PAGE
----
The UChannel podcast had a series of three lectures by Ian Buruma around the subject of religion in modern societies and its role in democracy. The starting point is the division that is taken for granted in Western Societies: the separation of State and Church. Buruma spends his first lecture in analyzing Europe and the US in how religious and secular authorities are separated and how the interaction unfolds so differently. Yet Buruma, also sees similarities.
In case one is inclined to think that non-Western societies do not have the tense relationship between religious and secular authorities, the second lecture is especially relevant. With the examples of China and Japan, Buruma attempts to refute this idea. Also in the history of these societies, state and church had a complicated relationship, there was need for separation and secular authorities continue to feel threatened by religious groups.
The conclusion is that religion always represents a political force and Buruma's main point is that religion needs to be tamed. It is indispensible, but it has power beyond the secular state and can therefore present a serious threat to law and order. The implicit point is that this goes for all religions, but the paramount example is Islamic fundamentalism and this phenomenon is carefully discussed in the third lecture.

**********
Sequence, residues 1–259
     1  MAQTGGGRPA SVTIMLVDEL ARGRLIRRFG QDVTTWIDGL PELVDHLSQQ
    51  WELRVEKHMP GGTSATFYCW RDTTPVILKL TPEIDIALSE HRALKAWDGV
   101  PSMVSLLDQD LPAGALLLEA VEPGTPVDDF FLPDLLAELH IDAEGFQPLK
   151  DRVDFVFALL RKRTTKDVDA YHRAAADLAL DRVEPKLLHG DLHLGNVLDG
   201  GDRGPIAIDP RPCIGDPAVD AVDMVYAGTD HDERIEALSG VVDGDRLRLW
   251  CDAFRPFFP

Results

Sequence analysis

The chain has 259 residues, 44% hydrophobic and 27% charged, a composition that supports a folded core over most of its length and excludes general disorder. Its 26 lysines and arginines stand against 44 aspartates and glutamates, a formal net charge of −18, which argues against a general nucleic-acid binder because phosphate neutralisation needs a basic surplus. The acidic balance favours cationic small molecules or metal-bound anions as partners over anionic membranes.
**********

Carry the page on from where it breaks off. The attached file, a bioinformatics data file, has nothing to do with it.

The trilogy is exciting and thought-provoking. Some of it is tough to follow. The first lecture is read from paper, the second is about much less known history and the third is so contemporary, it is the least structured. Despite these little drawbacks, it is one of the best series I have heard in months.
More UChannel Podcast:
Averting the disasters of climate change,
Interfaith and Compassion,
Talent is overrated,
Ronald Reagan, a rebel,
Disasters and Peace.